Hello! Tom here, Cultural Heritage Lead at Sketchfab and one of the Community Team. Among many other things, I help advise on, advocate for, and promote publishing cultural heritage online in 3D.
In this Best of Sketchfab, I will focus on ‘optimized cultural heritage 3D’. While it is often desirable to publish high-resolution data within the field of GLAM digitization (GLAM = Galleries, Libraries, Archives & Museums), in certain cases there are plenty of arguments for publishing highly optimized versions of a 3D data set. A few benefits of optimized 3D models:
- Faster download times for people viewing your models
- Smoother performance on older or less powerful devices
- Models are AR & VR ready
- Your 3D data uses less energy for storage + display 🌻
Please enjoy some of my favorite optimized models, in no particular order.
Medieval Shield by Denis Cliofas
I love this optimized version of The Parade Shield of King Erik XIV of Sweden by /denis_cliofas. The original model published by /TheRoyalArmoury is 1 million triangles—this version is only 4.3 thousand 😱 To quote a comment from /denis_cliofas, “It all worked because of such a great scan that was used as the base.” Bonus point: it’s also downloadable under a Creative Commons Attribution license. Way to pay it forward, /denis_cliofas. 👏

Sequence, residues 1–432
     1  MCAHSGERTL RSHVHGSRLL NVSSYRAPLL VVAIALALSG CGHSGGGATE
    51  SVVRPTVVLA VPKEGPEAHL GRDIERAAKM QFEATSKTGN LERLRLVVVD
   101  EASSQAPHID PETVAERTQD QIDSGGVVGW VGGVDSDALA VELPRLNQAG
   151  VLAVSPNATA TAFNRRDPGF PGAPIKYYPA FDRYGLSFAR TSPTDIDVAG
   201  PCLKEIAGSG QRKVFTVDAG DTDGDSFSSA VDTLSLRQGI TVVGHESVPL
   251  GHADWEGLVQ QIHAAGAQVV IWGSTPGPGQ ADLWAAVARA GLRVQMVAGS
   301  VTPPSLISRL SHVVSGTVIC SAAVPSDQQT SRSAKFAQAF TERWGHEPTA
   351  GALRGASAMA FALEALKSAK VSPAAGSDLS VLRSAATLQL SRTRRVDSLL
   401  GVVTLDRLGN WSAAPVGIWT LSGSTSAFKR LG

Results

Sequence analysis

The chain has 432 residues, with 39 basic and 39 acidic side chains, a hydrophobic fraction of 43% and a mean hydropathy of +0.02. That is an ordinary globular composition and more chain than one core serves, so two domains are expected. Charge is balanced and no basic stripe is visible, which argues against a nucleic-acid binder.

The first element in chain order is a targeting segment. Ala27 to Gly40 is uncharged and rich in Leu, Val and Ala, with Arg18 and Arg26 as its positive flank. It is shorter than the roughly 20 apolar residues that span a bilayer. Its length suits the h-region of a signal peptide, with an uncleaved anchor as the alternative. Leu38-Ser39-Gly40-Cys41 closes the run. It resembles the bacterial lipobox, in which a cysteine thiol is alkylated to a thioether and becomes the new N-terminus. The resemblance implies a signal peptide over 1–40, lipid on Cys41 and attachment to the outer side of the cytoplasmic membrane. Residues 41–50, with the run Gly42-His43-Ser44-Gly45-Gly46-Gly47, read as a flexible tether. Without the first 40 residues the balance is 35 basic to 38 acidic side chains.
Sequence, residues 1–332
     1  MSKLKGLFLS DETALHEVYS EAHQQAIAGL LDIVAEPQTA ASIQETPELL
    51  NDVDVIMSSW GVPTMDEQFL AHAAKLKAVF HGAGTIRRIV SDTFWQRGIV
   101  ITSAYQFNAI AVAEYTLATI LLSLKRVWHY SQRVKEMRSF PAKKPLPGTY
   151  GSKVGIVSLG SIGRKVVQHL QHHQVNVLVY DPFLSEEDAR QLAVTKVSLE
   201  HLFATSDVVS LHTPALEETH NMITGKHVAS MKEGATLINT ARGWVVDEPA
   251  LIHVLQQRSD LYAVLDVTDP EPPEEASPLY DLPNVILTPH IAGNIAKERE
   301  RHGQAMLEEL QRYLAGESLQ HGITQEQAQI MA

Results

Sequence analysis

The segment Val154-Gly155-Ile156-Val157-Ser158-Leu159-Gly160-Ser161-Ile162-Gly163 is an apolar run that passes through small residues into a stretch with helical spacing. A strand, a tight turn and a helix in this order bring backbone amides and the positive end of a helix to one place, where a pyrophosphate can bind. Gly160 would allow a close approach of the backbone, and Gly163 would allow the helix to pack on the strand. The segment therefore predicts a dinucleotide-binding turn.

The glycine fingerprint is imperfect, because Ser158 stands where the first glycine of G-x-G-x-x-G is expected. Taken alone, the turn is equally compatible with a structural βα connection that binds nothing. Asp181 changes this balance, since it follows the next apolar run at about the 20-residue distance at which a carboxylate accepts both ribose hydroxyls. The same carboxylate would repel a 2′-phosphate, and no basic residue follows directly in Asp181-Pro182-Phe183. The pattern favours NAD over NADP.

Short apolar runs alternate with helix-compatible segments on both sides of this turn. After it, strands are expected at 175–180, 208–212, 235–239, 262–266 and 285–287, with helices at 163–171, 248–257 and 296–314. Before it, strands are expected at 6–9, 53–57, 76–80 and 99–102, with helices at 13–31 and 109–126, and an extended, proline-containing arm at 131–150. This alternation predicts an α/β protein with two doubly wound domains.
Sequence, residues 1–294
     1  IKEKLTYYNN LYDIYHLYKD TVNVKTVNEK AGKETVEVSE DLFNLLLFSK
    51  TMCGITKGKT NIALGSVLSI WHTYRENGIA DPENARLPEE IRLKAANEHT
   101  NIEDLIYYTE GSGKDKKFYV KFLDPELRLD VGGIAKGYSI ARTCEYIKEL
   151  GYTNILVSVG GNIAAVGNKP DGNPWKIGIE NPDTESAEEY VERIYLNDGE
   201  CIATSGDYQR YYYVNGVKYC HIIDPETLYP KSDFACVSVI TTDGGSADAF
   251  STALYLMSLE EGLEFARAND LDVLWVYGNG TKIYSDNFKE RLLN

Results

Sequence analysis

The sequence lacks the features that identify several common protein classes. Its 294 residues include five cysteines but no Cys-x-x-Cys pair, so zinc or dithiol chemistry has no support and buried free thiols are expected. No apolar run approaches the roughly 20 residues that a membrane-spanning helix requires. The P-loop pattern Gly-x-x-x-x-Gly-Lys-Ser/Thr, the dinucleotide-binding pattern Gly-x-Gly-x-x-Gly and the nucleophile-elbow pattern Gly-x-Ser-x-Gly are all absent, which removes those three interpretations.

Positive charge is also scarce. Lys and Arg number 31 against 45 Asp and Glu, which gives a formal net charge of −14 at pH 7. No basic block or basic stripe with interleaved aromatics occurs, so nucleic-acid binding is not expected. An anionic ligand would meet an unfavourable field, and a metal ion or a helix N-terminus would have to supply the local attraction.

Terracotta Kylix (Courtesy of the Met) by Angel Cormier
Optimized cultural heritage 3D does not always begin life as a 3D file. In fact, there are quite a few people on Sketchfab publishing one of my favorite types of historical 3D: a 3D model based on existing 2D images. One recent example that caught my eye is Terracotta Kylix (Courtesy of The Met) by /angelcormier, who combined 5 public domain images available from the Metropolitan Museum of Art in New York to texture her model.
Glimmingehus medieval castle by VirtualSweden
Sketchfab member /virtualsweden has many excellent uploads on their profile, but their Glimmingehus medieval castle post is very clever and a nice example of how much you can show with an optimized 3D model. The complete model combines several optimized versions of photogrammetry scans of individual rooms of the medieval castle in a ‘dolls house’ style view, with detailed annotations taking you on a tour from the cellar to the upper loft.
Coffin stone by SenYul
What’s better than an optimized 3D mesh? An ULTRA OPTIMISED 3D MESH. Sketchfab member /senyul shows us all just what can be done with their model Coffin stone, for which they converted a 50 million face input mesh to just 56 triangles! Combined with the image texture and normal map, the effect is more convincing than you might expect.
Orbiter Space Shuttle OV-103 Discovery by The Smithsonian Institution
Did you know that the Smithsonian Institution runs a highly developed 3D digitization program? One of my favorite things about this project is that it has prioritized the production of ‘web-ready’ derivatives of the stunning high-resolution 3D scans that it is producing. You can explore the Smithsonian Institution’s growing library right here on Sketchfab. One of my favorite models posted by the Institution is (proud space geek here!) the Orbiter Space Shuttle OV-103 Discovery—many gigabytes of data parsed down to an easily digestible 150k faces!
Bonus! You can stream the high-resolution data set for the Orbiter Space Shuttle OV-103 in Sketchfab’s beta viewer for massive data:
I hope you enjoyed this list. What are your favorite optimized cultural heritage 3D models?